Container Gardening Company Solving Challenges for Community Gardeners
SCRANTON, Pa., March 27, 2014 /PRNewswire/ -- Community gardeners, faced with the obstacles of tending a garden away from home, are discovering a simple solution to their problems: container gardening in self-watering planters (http://earthbox.com/science-behind-the-earthbox).
While group gardening offers many rewards, watering and weeding often get less attention when gardeners must travel to the garden. Community plots in urban areas frequently suffer from poor soil and limited light. Schools and senior centers are popular sites for community gardens, but digging and soil preparation can be a challenge for the very young and the very old.
Thanks to an outreach program by the Education Department of the EarthBox® container gardening system, community gardeners are discovering ways around these common issues. "Gardening in self-watering containers with mulch covers takes away the hassles of digging, weeding and watering," explains Molly Philbin, EarthBox Education and Community Gardens Director. "That allows us to introduce gardening programs to everyone from young children to mobility-impaired seniors, even if they don't have access to a plot of soil."
In Tampa, Florida, the Nutrition and Dietetic Club at Hillsborough Community College uses EarthBox systems to teach gardening to 3- to 5-year-olds. The simple system allows the youngsters to plant and tend a garden, while learning where food comes from. They enjoy a weekly "smelling party," at which they identify and taste the herbs they've grown.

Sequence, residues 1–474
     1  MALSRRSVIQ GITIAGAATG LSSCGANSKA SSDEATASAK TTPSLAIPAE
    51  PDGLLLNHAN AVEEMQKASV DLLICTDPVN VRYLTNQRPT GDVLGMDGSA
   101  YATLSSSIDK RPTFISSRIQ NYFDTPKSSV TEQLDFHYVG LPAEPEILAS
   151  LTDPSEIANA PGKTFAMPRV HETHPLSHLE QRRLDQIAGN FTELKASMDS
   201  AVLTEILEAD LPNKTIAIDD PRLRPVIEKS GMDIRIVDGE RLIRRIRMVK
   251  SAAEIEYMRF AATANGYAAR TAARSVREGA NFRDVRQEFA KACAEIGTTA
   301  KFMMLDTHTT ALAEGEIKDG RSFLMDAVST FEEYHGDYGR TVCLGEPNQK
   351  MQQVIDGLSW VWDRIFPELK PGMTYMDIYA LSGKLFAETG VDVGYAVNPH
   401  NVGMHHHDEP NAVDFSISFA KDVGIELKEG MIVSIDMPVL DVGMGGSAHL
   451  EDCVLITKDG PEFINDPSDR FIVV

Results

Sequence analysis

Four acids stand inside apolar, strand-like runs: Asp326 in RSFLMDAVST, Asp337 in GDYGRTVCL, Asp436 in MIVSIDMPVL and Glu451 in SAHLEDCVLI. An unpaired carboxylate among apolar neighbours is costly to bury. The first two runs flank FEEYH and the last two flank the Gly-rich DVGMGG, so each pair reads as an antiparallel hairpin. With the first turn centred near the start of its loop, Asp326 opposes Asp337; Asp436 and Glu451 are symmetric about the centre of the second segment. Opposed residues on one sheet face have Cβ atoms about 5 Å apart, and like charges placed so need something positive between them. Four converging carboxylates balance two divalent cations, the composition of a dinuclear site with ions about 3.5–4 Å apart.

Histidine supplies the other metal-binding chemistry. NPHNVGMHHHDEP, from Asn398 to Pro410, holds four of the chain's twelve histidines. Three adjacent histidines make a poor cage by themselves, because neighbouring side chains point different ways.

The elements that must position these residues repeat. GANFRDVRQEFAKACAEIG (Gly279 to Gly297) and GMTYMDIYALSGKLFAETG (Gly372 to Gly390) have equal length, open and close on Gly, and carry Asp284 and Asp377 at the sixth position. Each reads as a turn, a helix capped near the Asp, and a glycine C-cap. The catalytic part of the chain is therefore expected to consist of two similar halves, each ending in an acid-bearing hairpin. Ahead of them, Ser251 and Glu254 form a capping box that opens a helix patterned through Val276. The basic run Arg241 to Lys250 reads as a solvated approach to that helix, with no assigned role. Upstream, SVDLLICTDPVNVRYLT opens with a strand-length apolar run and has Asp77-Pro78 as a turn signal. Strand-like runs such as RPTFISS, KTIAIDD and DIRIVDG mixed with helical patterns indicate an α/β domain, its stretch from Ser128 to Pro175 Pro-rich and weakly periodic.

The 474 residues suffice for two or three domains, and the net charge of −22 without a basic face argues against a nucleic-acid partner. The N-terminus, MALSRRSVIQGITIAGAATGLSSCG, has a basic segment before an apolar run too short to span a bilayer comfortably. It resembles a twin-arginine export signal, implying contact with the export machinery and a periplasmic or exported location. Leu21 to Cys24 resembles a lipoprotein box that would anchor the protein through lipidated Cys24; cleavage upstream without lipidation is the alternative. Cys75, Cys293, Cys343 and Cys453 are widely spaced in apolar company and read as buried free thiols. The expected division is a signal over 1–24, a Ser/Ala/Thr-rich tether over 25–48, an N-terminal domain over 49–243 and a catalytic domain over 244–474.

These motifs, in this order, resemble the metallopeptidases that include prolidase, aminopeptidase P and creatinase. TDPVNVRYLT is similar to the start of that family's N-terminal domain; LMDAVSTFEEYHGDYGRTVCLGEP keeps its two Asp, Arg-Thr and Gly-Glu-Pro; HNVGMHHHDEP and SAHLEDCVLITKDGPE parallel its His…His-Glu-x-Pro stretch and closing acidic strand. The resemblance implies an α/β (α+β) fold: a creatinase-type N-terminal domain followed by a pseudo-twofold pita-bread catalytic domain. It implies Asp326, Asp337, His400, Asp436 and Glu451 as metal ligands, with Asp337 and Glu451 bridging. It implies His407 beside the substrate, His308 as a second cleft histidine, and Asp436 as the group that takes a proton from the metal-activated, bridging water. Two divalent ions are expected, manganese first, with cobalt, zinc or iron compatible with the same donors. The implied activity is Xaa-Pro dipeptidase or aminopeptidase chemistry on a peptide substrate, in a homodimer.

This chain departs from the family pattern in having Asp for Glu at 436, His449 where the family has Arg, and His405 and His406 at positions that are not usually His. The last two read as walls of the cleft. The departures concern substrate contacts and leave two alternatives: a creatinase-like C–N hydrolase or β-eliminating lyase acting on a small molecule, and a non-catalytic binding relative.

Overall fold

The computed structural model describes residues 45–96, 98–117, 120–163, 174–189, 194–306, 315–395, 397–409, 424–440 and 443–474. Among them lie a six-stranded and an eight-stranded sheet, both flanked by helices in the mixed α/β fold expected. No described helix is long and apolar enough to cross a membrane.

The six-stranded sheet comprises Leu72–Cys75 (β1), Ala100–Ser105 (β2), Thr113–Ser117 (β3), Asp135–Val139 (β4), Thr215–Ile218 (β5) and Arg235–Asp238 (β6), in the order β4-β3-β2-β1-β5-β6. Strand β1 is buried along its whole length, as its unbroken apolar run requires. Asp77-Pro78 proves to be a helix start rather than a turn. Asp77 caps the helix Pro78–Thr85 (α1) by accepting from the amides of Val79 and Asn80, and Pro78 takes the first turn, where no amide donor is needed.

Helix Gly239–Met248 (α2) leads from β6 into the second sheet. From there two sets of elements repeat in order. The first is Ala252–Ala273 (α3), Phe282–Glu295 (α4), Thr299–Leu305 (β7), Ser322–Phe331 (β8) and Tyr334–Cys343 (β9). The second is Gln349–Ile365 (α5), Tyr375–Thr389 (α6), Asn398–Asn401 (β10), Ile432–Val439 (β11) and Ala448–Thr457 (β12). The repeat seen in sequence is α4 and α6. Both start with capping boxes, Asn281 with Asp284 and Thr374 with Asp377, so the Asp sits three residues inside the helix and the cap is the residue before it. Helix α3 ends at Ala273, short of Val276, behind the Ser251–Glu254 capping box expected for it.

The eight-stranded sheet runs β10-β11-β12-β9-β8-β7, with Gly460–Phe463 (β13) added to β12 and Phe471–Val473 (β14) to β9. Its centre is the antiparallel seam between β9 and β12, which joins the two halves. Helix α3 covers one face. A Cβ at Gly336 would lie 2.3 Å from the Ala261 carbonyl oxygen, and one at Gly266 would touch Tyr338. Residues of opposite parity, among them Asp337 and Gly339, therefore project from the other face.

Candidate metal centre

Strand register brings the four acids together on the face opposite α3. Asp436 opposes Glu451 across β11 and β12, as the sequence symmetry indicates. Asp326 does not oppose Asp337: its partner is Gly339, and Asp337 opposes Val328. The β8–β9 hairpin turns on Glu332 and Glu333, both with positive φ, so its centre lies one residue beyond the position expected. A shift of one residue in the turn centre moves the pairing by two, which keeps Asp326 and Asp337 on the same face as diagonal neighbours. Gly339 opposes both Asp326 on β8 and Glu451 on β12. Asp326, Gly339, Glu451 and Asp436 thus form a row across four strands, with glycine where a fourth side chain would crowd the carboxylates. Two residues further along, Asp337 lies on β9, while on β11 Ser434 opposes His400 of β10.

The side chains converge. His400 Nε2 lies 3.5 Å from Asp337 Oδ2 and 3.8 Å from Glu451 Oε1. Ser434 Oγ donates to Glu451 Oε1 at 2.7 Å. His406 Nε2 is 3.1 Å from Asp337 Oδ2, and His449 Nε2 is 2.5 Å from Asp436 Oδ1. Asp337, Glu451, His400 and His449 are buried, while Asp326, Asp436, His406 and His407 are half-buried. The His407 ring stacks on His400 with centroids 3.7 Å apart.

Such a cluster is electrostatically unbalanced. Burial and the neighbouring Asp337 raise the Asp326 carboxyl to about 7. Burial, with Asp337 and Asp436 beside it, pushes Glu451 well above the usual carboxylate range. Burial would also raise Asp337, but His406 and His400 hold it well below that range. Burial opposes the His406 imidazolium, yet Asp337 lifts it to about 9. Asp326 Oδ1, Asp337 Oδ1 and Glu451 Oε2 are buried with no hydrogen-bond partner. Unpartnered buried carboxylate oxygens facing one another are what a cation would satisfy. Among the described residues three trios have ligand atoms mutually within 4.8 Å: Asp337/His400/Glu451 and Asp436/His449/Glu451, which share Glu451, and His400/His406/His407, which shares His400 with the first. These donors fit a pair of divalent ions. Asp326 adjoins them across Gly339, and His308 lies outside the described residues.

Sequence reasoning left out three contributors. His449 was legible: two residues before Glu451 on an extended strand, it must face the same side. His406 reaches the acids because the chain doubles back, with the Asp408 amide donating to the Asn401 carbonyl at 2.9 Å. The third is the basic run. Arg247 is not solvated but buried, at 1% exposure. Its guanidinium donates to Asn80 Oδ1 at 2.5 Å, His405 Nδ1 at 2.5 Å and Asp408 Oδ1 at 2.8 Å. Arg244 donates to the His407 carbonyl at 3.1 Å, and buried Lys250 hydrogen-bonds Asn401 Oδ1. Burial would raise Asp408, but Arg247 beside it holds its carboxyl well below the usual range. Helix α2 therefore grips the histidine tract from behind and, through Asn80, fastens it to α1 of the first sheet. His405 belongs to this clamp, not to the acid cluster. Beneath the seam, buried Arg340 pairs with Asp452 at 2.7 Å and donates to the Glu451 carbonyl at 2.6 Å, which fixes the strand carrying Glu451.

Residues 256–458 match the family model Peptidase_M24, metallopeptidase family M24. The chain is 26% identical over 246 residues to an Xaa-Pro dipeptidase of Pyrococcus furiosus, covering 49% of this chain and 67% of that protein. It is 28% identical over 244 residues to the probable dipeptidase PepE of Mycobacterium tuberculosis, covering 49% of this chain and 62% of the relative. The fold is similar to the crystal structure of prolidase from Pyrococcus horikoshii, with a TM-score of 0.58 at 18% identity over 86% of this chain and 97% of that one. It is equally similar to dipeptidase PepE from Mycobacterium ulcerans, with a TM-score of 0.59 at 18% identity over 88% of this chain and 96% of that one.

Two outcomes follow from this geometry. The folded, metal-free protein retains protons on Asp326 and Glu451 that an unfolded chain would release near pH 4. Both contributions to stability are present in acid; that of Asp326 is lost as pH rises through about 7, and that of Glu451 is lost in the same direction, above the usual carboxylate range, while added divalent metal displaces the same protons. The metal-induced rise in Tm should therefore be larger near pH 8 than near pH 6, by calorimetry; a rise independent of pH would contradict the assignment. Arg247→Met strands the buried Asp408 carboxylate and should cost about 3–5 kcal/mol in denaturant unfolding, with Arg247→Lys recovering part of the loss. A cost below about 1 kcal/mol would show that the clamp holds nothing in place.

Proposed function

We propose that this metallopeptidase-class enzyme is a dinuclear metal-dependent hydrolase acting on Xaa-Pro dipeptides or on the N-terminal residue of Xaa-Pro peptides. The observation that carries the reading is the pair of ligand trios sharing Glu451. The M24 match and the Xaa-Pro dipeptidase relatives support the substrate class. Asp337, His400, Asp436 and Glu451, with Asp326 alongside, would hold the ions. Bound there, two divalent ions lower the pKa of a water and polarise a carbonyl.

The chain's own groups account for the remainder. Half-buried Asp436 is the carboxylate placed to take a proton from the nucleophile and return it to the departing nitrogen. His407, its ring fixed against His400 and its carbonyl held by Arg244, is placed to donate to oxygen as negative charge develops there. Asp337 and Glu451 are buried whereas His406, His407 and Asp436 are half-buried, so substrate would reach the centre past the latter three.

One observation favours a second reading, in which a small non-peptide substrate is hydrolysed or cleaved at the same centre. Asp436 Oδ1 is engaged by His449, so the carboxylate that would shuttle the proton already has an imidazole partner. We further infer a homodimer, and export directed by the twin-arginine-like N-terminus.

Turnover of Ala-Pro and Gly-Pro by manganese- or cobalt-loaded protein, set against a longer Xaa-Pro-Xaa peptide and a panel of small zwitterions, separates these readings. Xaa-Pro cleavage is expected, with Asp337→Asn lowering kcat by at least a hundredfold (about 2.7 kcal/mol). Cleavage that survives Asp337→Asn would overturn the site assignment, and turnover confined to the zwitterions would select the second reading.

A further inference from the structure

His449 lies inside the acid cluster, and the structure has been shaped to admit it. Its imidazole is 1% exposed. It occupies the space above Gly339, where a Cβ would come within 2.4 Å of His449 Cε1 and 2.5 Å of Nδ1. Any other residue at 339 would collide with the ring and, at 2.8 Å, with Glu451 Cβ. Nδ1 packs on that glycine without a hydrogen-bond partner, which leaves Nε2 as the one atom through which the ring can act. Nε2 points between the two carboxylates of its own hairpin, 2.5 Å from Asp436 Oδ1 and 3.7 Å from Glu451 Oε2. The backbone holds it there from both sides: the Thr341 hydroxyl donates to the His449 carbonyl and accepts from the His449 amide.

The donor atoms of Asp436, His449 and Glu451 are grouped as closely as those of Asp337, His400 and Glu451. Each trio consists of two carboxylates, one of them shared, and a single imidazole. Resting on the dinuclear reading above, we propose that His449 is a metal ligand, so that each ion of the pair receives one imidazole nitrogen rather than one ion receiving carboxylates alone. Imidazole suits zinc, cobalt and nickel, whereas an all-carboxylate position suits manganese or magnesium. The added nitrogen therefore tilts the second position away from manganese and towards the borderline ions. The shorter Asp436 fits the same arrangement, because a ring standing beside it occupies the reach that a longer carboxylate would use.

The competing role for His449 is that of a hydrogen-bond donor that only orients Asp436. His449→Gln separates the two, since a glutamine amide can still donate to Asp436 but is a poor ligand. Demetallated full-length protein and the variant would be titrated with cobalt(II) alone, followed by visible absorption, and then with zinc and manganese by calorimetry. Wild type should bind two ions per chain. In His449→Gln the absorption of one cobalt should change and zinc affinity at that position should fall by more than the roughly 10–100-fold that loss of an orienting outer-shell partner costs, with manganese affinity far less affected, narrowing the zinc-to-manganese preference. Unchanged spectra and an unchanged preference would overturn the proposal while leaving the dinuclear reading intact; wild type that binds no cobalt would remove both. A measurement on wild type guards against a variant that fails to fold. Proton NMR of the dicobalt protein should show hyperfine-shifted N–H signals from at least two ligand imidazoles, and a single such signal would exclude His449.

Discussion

At the other end of the age spectrum, wheelchair-bound seniors in Indian Shores, Florida share an accessible raised EarthBox garden designed by Robert Brotherton of Brotherton Engineering. "It offers them a place where they can grow fresh vegetables, socialize, and relax," remarks Brotherton. "Not only does it benefit the gardeners, but it beautifies the entire community."
On the remote Pacific island of Ebeye, EarthBox systems are solving multiple problems. Due to the extremely rocky and sandy soil on this atoll island, container gardening is the only option for growing healthy produce. Ebeye's poor growing conditions have contributed to a diabetes epidemic, with more than 75% of residents over the age of 50 suffering from the disease. Non-profit organization Canvasback Missions, Inc. recently partnered with the Kwajalein Diabetes Coalition to start EarthBox community gardens in the hospital and schools, to promote healthier nutrition among residents.
By eliminating the challenges of hard physical work and poor growing conditions, container gardening systems like EarthBox are bringing people together and making gardening accessible to young and old, all around the globe.
The patented EarthBox was introduced in 1994 after a decade of research by commercial farmers looking for a maintenance-free way to grow in ideal conditions. Since then, the EarthBox has been used in home gardens, commercial farms, schools and restaurants around the world. More information is available at www.earthbox.com.
Frank DiPaolo, General Manager